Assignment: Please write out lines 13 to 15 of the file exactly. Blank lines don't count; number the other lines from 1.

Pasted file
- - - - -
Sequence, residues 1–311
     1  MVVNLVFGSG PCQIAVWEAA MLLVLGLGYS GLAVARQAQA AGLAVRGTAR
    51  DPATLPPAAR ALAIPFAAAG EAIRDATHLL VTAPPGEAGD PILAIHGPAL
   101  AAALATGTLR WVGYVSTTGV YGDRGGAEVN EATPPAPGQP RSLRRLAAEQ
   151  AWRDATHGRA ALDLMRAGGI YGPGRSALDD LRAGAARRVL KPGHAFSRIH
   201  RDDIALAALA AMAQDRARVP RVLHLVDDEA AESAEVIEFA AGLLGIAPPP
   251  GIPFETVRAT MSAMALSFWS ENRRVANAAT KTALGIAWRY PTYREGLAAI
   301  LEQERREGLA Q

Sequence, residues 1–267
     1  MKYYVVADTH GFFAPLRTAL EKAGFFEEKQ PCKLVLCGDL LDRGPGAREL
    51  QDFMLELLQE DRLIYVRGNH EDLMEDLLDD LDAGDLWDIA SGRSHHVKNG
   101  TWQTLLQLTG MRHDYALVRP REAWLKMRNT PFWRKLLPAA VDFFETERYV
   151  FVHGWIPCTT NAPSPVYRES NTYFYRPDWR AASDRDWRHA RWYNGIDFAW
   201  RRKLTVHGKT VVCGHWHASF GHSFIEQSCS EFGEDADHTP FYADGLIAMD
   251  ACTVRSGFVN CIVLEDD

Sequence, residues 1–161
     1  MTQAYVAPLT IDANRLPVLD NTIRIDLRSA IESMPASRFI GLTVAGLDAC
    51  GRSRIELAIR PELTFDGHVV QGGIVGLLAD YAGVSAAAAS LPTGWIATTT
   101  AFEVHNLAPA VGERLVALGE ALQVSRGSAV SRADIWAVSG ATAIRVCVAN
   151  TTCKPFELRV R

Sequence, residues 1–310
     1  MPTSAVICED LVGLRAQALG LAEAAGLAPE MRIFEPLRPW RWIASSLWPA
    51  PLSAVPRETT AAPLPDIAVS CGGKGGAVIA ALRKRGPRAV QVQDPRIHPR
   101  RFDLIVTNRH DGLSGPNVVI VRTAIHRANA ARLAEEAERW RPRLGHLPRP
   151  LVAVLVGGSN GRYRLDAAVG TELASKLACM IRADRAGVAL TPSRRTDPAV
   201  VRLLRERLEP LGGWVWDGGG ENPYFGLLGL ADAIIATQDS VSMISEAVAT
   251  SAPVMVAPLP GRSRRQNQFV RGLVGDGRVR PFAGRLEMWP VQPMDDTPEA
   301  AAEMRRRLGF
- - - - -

   151  FVHGWIPCTT NAPSPVYRES NTYFYRPDWR AASDRDWRHA RWYNGIDFAW
   201  RRKLTVHGKT VVCGHWHASF GHSFIEQSCS EFGEDADHTP FYADGLIAMD
   251  ACTVRSGFVN CIVLEDD